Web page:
As TJ notes, the theory that the current problem of prison overincarceration is all about drug crimes is a myth. Unless you take into account the extension of sentences for a variety of crimes, e.g. sex crimes, and the increasingly unbounded discretion of prosecutors to charge a variety of overlapping crimes (e.g. assault, and additional gun penalties) then you aren’t really addressing the issue.

      • Ronan

        Well another way of looking at it is income. Whites are disproportionately wealthier than blacks, native Americans and Latinos , and the poor are over represented in prison, so if you account for racial class differences what does the picture look like ?(undoubtedly still disproportionately locking up blacks, Latinos and native Americans, but it would probably complicate it a little )

        • Pat

          And one big reason why whites are disproportionately wealthier is because they have an easier time getting loans to buy tax-deduction supported homes in nicer neighborhoods where the schools are better and have more investment, whereas many people of color are restricted through institutional racism to renting in bad neighborhoods where the schools suck.

          • Ronan

            Absolutely, although I’m not sure that’s much benefit to the sub-population of whites most likely to end up incarcerated.

  • Warren Terra

    I wonder if Obama’s book – which includes drug use and racial content – is banned.

    Speaking of Obama: Erik, did you see he’s apparently against the use of ketchup on hot dogs (by those over 8 years old)?

    • I did not, but then I already knew he was one of our best presidents.

      • postmodulator

        This is genuinely surprising to either of you? He spent most of his adult life in Chicago. Chicagoans are borderline violent on the topic of ketchup on hot dogs.

        • Juicy_Joel

          He spent most of his adult life in Chicago.

          I’ll have you know he is from the inner-city of Chicago.

    • twbb

      What’s wrong with serving a vegetable with your hot dog?

      • (((Malaclypse)))

        Nothing at all, as long as they are peppers and onions.

        • Woodrowfan

          anything but brown mustard is an abomination before Nuggan.

        • Rugosa

          Peppers and onions are for Italian sausage. Sauerkraut is the vegetable of choice for hot dogs, onions optional.

          • Origami Isopod

            Onions are terrific on hotdogs. Fight me.

            Pickle relish is also great, especially the sweet kind. If sauerkraut counts as a veg, so does pickle relish.

        • NonyNony

          Also tomato slices and a pickle spear.

          Chicago dogs are fun to eat. I dunno that I’d always want to eat one at a ballpark, but they’re fun every once in a while. (Of course at the ballpark I prefer a brat to a hot dog every time anyway).

          • Origami Isopod

            (Of course at the ballpark I prefer a brat to a hot dog every time anyway).

            Sweeney Todd has a concession stand at your local ballpark?

            (yes, I know what a bratwurst is)

            • guthrie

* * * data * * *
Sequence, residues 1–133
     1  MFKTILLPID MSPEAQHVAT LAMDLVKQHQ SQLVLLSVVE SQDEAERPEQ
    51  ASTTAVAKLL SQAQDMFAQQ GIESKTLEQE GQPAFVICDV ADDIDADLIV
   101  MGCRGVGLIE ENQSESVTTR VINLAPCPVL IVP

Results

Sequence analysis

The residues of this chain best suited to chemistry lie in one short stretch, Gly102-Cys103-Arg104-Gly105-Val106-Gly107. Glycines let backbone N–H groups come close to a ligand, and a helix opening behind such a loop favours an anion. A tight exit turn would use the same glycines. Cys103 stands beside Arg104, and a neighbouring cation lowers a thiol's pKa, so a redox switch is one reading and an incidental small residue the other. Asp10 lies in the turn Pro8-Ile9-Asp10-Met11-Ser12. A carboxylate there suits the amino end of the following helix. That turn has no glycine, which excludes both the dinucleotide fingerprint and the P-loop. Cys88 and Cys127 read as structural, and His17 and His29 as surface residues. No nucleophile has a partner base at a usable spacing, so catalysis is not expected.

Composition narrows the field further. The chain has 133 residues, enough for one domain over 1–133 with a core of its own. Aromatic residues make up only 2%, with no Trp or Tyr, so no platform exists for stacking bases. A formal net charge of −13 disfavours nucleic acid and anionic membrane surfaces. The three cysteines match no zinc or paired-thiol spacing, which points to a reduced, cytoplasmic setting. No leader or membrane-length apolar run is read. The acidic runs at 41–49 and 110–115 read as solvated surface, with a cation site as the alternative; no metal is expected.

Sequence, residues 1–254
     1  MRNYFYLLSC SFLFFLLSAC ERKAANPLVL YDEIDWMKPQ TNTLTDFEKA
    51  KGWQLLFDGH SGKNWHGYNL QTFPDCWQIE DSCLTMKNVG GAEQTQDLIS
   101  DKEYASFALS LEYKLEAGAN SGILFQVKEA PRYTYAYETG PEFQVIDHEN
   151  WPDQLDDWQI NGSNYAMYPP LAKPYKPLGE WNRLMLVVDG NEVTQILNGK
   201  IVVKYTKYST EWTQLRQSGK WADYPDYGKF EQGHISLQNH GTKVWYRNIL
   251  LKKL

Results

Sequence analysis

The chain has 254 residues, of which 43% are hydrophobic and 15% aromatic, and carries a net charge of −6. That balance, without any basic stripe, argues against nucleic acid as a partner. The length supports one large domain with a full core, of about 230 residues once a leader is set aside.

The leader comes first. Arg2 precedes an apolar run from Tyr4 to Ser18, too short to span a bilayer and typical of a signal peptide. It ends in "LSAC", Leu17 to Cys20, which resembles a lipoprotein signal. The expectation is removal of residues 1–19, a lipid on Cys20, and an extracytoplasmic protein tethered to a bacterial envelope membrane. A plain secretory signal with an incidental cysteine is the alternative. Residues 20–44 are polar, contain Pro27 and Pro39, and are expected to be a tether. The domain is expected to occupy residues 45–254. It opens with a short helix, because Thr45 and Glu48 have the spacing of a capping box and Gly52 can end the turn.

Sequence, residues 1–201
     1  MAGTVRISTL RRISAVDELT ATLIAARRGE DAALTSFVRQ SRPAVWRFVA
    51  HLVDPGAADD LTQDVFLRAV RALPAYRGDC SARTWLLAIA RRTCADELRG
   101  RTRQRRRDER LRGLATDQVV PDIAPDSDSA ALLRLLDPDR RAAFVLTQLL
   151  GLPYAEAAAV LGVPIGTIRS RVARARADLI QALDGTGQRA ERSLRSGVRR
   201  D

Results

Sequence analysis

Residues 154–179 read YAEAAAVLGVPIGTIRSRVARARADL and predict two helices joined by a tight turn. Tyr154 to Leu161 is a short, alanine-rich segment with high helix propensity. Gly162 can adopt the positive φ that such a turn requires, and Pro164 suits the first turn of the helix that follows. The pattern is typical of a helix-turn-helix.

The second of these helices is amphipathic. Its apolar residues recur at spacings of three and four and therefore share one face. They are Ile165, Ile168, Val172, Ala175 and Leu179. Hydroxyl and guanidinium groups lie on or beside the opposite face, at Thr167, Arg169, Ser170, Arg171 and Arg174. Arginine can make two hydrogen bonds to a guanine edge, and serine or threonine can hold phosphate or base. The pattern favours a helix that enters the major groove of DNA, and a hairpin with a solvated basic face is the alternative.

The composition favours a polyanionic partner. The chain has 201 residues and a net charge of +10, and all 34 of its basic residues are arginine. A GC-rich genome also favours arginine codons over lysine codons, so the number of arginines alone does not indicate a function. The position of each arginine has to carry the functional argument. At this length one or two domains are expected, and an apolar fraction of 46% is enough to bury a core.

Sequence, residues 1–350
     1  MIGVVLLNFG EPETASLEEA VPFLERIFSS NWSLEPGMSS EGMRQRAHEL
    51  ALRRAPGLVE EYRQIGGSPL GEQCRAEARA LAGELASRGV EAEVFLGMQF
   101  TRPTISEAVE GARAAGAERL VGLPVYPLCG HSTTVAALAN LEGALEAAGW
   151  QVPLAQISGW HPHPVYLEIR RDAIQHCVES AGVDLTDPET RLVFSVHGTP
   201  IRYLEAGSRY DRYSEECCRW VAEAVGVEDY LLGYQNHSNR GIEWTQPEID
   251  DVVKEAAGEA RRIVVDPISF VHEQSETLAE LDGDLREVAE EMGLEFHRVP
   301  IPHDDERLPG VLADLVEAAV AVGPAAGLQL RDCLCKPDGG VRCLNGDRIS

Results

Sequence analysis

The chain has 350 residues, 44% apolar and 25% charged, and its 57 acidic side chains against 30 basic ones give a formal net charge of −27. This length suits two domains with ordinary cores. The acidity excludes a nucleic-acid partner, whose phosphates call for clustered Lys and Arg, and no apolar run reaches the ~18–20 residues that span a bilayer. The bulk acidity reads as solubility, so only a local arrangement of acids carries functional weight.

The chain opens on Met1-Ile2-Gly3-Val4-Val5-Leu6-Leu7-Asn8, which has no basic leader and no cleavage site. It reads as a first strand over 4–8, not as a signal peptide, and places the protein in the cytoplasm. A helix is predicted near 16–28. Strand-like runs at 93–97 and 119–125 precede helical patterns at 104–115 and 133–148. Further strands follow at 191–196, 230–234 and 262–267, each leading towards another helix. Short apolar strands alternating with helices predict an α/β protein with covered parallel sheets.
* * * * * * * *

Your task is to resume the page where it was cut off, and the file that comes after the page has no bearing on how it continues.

If Trump gets in, it’s only a matter of time.

      • Halloween Jack

        [wellactually]Tomatoes are fruits.[/wellactually]

        • Warren Terra

          I assumed twbb was making fun of St. Ronaldus Reaganus Magnus, whose administration famously declared ketchup to be a vegetable in crafting school lunches. Note: ketchup, not tomatoes.

  • NewishLawyer

    It’s good to know that neo-Nazi skinheads can become even more radicalized in prison. What would they do if they couldn’t read the Turner Diaries? They might have to think towards redemption!!!


  • Warren Terra

    We could propose books for them to ban. The novelization of Star Wars, for example, features armed resistance to legal governmental authority, drug trafficking, and a prison break.

    • N__B

      The novelization of Star Wars

      “Religious fanatics destroy government installation.”

      • Hells Littlest Angel

        “Religious fanatics destroy government installation.”

        I’m pretty sure that’s legal in Texas.

        • Bill Murray

          depends on the religion of the fanatics

    • postmodulator

      I seem to remember a prisoner, don’t remember where, had his Dungeons and Dragons books confiscated lest they inspire “fantasies of escape.”

    • Origami Isopod

      Are there any novelizations of The Battle of Algiers?

  • mikeSchilling

    You want to teach prisoners how to get a job, not go on the dole.

  • DocAmazing

    The Ballad of Non-Reading Gaol?

    • John Revolta

      Heheh………..very good. But probably on the list because, well, you know.

  • Colin Day

    But don’t worry: Adolf Hitler’s Mein Kampf, David Duke’s Jewish Supremacism, and the Nazi Aryan Youth Primer are all kosher.

    The Guardian may want to check the definition of kosher.

    • elm

      That,s the joke. (Insert gif here.)

  • Davis X. Machina

    The real disgrace is the number of prisoners who can’t read…

  • AMK

    In fairness, it’s not like people in Texas read out of prison either.

    • Warren Terra

      1) People in prison have more time on their hands, and fewer other entertainment options.

      2) Can you back that claim up? Because, Pew does an annual poll about reading habits, but it doesn’t parse the results by state (and at 1500 respondents probably couldn’t for many states, though they could for populous states like Texas). I didn’t find anything (in a very cursory search) about either book reading or book sales by state.

      • AMK

        It’s a state with 27 million people where John Cornyn is the voice of reason. They don’t read books.

        • Thom

          Ha. But I am a Californian who has lived in Texas for 18 years and I can tell you that there are plenty of stupid people in both states, and plenty of people interested in books in both states. The conservative suburban town where I live has an excellent public library, which like other public libraries around the country offers a full range of social services to all comers as well as having a good book collection and public art program. And perhaps you think all those singer-songwriters from Texas don’t read. This may be true of Billy Joe Shaver, but is unlikely to be the case with e.g. James McMurtry.